Though she escaped with her life, rebirth was not easy. In a body brace and suffering pain so debilitating that she could not work, Petrova despairingly did a novena to the Virgin Mary on Dec. 23, 1998.

"That night, Rumi came to me in a dream and told me to bring together a group of world-class performers and create a live event," says Petrova of the odyssey that led her to world-renowned Rumi translator Coleman Barks and, from there, to a successful event in Toronto which Canada's Vision TV urged her to make into a documentary about Rumi and Sufism.

"They saw my personal story as a doorway into Sufism, they told me it was what made it accessible," recalls Petrova, who uses her personal experience as a portal into the poetry of Rumi, the ecstasy of Sufism and the oneness of God.

Along the way, Petrova met many Sufi luminaries, including the Santa Cruz-based Kabir Helminski, who directs the Threshold Society, which works to apply Sufi principles to modern life. On March 24, when Petrova's film screens, Helminski will direct a live performance by Baranka, a Sufi music ensemble, featuring Sonia Drakulic and Gari Haggedus, Hamed Nikpay, Daud Jerrahi and some of the Whirling Dervishes of the Threshold Society.


If This Sham's Rockin': Filmmakers, surfers and people who claim to be Irish will all convene for the Santa Cruz Film Festival's March 17 kickoff event.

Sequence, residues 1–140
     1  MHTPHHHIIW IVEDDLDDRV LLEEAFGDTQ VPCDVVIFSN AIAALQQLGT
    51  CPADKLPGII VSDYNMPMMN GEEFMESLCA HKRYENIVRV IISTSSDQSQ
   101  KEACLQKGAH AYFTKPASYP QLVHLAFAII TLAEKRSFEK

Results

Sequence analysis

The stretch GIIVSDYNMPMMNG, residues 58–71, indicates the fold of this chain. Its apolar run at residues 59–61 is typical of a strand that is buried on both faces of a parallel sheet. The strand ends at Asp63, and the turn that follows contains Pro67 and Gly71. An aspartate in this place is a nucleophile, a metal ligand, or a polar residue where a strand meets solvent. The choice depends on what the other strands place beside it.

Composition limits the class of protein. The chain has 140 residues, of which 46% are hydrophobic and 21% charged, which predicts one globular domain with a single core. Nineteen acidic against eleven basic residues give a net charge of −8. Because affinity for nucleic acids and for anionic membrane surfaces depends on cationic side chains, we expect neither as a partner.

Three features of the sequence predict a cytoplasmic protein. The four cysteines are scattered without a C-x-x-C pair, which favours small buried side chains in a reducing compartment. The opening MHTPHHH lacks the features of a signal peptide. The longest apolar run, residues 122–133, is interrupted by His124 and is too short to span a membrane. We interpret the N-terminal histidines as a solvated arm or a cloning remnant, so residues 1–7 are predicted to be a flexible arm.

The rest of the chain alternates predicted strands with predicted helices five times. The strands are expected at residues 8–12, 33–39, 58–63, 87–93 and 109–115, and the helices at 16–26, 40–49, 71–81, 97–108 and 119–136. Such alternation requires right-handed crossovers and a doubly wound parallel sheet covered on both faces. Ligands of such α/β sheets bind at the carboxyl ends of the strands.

If you didn't know that Santa Cruz Film Festival director Jane Sullivan has Irish blood in her veins, then the fest's aptly titled "Shamrock Out" kickoff party should tip you off, especially since it takes place March 17, which, as all good snake-fearing folk know, is St. Patrick's Day.

This year's kickoff features previews of four films in this year's May 5-13 fest, a "Noisy Auction" fundraiser and local shindiggers Ribsy's Nickel and Blue Print.

Attendees get to rub elbows with big wave pioneer Sara Gerhardt, who is featured in One Winter's Story, which follows Gerhardt's attempt to balance her Mavericks surfing with her wish to get a Ph.D. in chemistry.

Also present will be indie directors Christopher Jayme, whose In Memory of My Father chronicles a day-in-the-death of the father of three brothers; Dominic DeJosep, whose Johnny Berlin portrays the midlife crisis of a porter aboard a luxury train; and Anthony Ruffo, whose first short focuses on Santa Cruz's infamous "surfer" lifestyle.

An Evening of Sufi Music, Film, Poetry and Dance takes place March 24 at 7pm at the Rio Theatre, 1205 Soquel Ave., Santa Cruz. Tickets are $18 adv/$20 door, available at Metro Santa Cruz, 115 Cooper St., 831.457.9000, or Gateways Books, 1126 Soquel Ave., 429.9600. Shamrock Out takes place March 17 at 7pm at the Digital Media Factory, 2809 Mission St., Santa Cruz. For information, call 831.459.7676 or www.santacruzfilmfestival.com.

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From the March 15-22, 2006 issue of Metro Santa Cruz.